Thirteen years into the era of highly active antiretroviral therapy (ART), medication adherence continues to be a serious barrier to effective treatment. While poor medication adherence adversely affects the outcomes of medical care in all chronic conditions, its impact is particularly devastating in HIV disease, leading to the gradual depletion of immune function, which can eventually result in death. Few interventions to improve patient adherence have focused on primary HIV care physicians. There is an urgent need to fill this gap. HIV providers are the ones who start, stop, and change ART;and the health care system currently pays for frequent physician visits. Because of this, small improvements in HIV providers'skills can have a large effect. Our long term goal is to develop, test, and disseminate effective, evidence-based HIV provider training programs that focus on improving patients'medication adherence. The overall objective of this R34 is to develop and test the feasibility, acceptability, and preliminary efficacy of an intensive physician training intervention based on principles of Motivational Interviewing (MI). Our central hypothesis is that HIV providers are knowledgeable and motivated about the importance of ART adherence for their patients with HIV, but lack the skills necessary to accomplish this counseling in the course of busy office practice. Our own and others'research has shown that physicians tend to talk little about medication adherence, that less than 10% of that talk can be categorized as problem solving in nature, and that physicians tend to lecture or give directives rather than listening and trying to understand patients'perspectives, obstacles and goals. We will pursue the following specific aims: (1) develop an intensive skills development intervention, based on principles of motivational interviewing, to train HIV providers to more effectively provide treatment adherence counseling, (2) conduct a pilot study comparing a 1-day training session (brief intervention) with a 1-day training session plus ongoing feedback (intensive intervention), and (3) evaluate the acceptability and feasibility of the pilot study. We will conduct our study at the Johns Hopkins HIV/AIDS clinic in Baltimore, MD, a region that has been greatly affected by the HIV/AIDS epidemic.
In Aim 1, we will conduct focus groups of HIV patients and providers, consult with experts, and review our own audio recordings of actual patient-provider communication regarding ART medication adherence. To accomplish Aim 2, we will randomize 10 HIV providers to the brief or intensive intervention arm, and measure baseline (pre) and follow-up (post) communication behaviors in actual patient encounters.
In Aim 3, we will assess provider response to the intervention components.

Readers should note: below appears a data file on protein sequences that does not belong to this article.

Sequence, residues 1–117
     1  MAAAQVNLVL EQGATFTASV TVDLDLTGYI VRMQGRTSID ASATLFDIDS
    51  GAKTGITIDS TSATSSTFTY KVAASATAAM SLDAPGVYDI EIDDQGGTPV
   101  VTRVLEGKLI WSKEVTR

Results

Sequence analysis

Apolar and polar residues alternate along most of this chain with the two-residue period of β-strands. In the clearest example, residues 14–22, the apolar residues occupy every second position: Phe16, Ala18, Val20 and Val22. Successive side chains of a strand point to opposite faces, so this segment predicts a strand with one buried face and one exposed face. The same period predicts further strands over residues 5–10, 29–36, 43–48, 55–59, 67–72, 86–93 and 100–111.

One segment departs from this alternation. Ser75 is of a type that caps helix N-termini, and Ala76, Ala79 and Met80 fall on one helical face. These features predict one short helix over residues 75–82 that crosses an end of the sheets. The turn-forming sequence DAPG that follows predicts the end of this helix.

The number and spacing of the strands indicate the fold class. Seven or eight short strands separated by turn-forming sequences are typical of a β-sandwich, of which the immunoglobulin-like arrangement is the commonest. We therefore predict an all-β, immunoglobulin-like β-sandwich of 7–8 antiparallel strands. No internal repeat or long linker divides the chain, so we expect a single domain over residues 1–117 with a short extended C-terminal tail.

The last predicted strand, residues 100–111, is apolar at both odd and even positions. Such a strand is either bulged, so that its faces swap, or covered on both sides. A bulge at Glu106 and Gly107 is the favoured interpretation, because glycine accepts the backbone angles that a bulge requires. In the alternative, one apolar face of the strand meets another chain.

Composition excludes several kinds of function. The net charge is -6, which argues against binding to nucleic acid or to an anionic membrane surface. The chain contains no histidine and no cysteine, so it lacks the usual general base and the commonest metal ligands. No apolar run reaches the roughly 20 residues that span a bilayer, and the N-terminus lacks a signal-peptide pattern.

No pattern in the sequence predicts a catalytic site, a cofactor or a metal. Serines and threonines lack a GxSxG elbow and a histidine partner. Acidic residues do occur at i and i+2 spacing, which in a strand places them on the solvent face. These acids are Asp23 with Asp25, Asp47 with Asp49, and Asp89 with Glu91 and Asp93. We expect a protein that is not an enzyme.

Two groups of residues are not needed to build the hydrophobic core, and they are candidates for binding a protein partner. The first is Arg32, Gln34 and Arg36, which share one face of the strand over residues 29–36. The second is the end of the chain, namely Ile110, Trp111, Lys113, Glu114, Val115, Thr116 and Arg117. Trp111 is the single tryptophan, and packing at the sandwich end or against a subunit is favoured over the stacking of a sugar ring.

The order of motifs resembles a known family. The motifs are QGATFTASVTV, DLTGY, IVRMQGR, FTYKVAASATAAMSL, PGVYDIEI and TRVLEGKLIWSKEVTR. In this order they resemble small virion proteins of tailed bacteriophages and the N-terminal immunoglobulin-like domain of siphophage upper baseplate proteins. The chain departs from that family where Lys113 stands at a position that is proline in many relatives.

Public Health Relevance

In this application, we will design and evaluate the feasibility, acceptability and preliminary efficacy of a communication skills training program aimed at HIV providers focused on counseling regarding antiretroviral (ART) medication adherence. This is important because a substantial proportion of HIV-infected patients do not take medications, and HIV providers do not have the skills to counsel effectively about this issue.

Agency
National Institute of Health (NIH)
Institute
National Institute of Mental Health (NIMH)
Type
Planning Grant (R34)
Project #
5R34MH089279-02
Application #
8128466
Study Section
Special Emphasis Panel (ZMH1-ERB-E (09))
Program Officer
Stirratt, Michael J
Project Start
2010-08-13
Project End
2013-04-30
Budget Start
2011-05-01
Budget End
2013-04-30
Support Year
2
Fiscal Year
2011
Total Cost
$342,738
Indirect Cost
Name
Johns Hopkins University
Department
Internal Medicine/Medicine
Type
Schools of Medicine
DUNS #
001910777
City
Baltimore
State
MD
Country
United States
Zip Code
21218
Laws, Michael Barton; Rose, Gary S; Beach, Mary Catherine et al. (2015) Patient-provider concordance with behavioral change goals drives measures of motivational interviewing consistency. Patient Educ Couns 98:728-33
Laws, M Barton; Lee, Yoojin; Rogers, William H et al. (2014) Provider-patient communication about adherence to anti-retroviral regimens differs by patient race and ethnicity. AIDS Behav 18:1279-87
Laws, M Barton; Beach, Mary Catherine; Lee, Yoojin et al. (2013) Provider-patient adherence dialogue in HIV care: results of a multisite study. AIDS Behav 17:148-59
Hsu, Ian; Saha, Somnath; Korthuis, Phillip Todd et al. (2012) Providing support to patients in emotional encounters: a new perspective on missed empathic opportunities. Patient Educ Couns 88:436-42
Korthuis, P Todd; Saha, Somnath; Chander, Geetanjali et al. (2011) Substance use and the quality of patient-provider communication in HIV clinics. AIDS Behav 15:832-41
Saha, Somnath; Beach, Mary Catherine (2011) The impact of patient-centered communication on patients' decision making and evaluations of physicians: a randomized study using video vignettes. Patient Educ Couns 84:386-92
Saha, Somnath; Sanders, David S; Korthuis, Philip Todd et al. (2011) The role of cultural distance between patient and provider in explaining racial/ethnic disparities in HIV care. Patient Educ Couns 85:e278-84
Saha, Somnath; Jacobs, Elizabeth A; Moore, Richard D et al. (2010) Trust in physicians and racial disparities in HIV care. AIDS Patient Care STDS 24:415-20
Beach, Mary Catherine; Saha, Somnath; Korthuis, P Todd et al. (2010) Differences in patient-provider communication for Hispanic compared to non-Hispanic white patients in HIV care. J Gen Intern Med 25:682-7
Kinsman, Helen; Roter, Debra; Berkenblit, Gail et al. (2010) ""We'll do this together"": the role of the first person plural in fostering partnership in patient-physician relationships. J Gen Intern Med 25:186-93